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Expression The mutation of Plasmpesin 9 showed a slight increase in expression within the BL 21 cell line when compared to the unmutated original plasmepsin 9 and the new mutated plasmepsin 9 expressed in Rosetta cell line. Figure 4. SDS PAGE gel of Plasmepsin 9 expression time points Samples ran on a 10% Tris HCl Ready Gel (BioRad) and stained with Coomassie Blue (BioRad). Ladder is Precision Plus Protein Standard (BioRad catlog# 161 0374). Each sample lane was loaded with 16 L of material. Semi proplasmpepsin 9 is expressed as a 56.8 kDa marker. The original plasmepsin gel is time points from expression of unmutated plasmepsin 9 that contained the alternative ribosomal binding site. Mutated plasmepsin in Rosetta and BL 21 cell line have a mutated ATG (Met) to a TTA (Leu) in o rder to remove the alternative ribosomal binding site. BL 21 cell lines with the mutated plasmepsin 9 enzymes show an increase in protein production when compared to both the original plasmepsin 9 expression and plasmepsin 9 in Rosetta cells. Rosetta cell line did not show a significant increase in protein production even after the mutation. Semi proplasmpepsin can be seen at the 56.8 kDa marker.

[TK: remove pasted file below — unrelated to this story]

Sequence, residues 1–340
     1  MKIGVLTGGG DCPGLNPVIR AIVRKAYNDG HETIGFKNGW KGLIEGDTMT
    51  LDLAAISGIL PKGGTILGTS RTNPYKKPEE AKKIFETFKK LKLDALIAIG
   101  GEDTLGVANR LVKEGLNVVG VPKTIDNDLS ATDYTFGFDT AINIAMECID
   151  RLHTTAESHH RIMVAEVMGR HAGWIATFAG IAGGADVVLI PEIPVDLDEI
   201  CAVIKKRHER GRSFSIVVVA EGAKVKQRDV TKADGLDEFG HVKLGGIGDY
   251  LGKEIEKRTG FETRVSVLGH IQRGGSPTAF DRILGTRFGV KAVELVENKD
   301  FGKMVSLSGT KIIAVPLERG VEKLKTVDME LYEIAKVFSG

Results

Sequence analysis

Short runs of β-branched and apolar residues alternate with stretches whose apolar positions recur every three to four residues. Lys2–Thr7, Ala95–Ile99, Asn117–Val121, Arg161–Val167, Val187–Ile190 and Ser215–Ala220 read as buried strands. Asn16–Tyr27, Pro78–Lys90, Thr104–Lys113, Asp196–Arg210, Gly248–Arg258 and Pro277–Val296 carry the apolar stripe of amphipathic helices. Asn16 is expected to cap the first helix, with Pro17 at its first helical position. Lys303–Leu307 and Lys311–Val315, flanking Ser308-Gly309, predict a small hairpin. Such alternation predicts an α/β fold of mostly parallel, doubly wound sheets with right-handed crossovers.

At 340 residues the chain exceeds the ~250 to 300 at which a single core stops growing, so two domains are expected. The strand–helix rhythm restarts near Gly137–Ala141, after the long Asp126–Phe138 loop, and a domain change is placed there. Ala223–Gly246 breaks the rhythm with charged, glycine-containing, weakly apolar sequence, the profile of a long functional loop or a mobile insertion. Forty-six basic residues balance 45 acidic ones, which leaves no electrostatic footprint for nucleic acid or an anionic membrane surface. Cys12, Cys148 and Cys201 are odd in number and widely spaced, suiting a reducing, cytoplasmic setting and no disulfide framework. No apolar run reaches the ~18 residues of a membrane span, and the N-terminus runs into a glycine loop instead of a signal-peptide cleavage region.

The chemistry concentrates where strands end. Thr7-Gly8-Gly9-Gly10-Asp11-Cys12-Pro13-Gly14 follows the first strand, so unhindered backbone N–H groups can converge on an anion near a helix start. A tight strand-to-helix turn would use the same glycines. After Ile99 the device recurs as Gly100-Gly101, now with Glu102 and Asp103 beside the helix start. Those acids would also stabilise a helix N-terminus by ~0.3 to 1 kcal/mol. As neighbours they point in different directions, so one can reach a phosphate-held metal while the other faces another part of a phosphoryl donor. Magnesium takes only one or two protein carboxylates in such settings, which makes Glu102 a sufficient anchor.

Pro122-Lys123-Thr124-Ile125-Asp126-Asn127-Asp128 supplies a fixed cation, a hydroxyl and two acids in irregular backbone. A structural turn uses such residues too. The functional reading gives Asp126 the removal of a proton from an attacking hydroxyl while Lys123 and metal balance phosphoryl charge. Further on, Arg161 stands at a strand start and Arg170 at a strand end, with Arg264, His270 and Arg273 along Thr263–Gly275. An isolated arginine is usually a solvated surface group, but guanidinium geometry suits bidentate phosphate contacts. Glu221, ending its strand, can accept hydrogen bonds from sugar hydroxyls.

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Inclusion Bodies Inclusion bodies were collected for the original unmutated plasmepsin 9 and only for the mutated plasmepsin 9 in BL 21. Samples of each supernatant during the purification process and a sample of inclusion bodies were collected and ran on gels. Figure 5 SDS PAGE gel of Plasmepsin 9 supernatants and inclusion bodies Sam ples ran on a 10% Tris HCl Ready Gel (BioRad) and stained with Coomassie Blue (BioRad). Ladder is Precision Plus Protein Standard (BioRad catlog# 161 0374). Each sample lane was loaded with different amounts of material. Semi proplasmpepsin 9 is expressed as a 56.8 kDa marker. The arrow points to the protein of interest, plasmepsin 9. Figure 5 shows the protein plasmepsin 9 depicted by an arrow for both the unmutated and the mutated plasmepsins. The mutated plasmepsin 9 shows a slightly stronger band when compared to unmutated plasmepsin 9. This slight increase in plasmepsin 9 enzyme within the inclusion bodies represents an improvement in the gene expression caused by removal of the alternative ribosomal binding site. Conclusions As resistance continue to increase to current anti malaria drugs the need for novel drugs target also increases. Most importantly, P. falciparum the deadliest human malaria causing parasite is harder to treat because current medications are failing. Protease treatments have shown to be promising approach for the fight against malaria. These types of treatments have already been used or currently under developed for diseases such as HIV, HTLV, hypertension, atically increased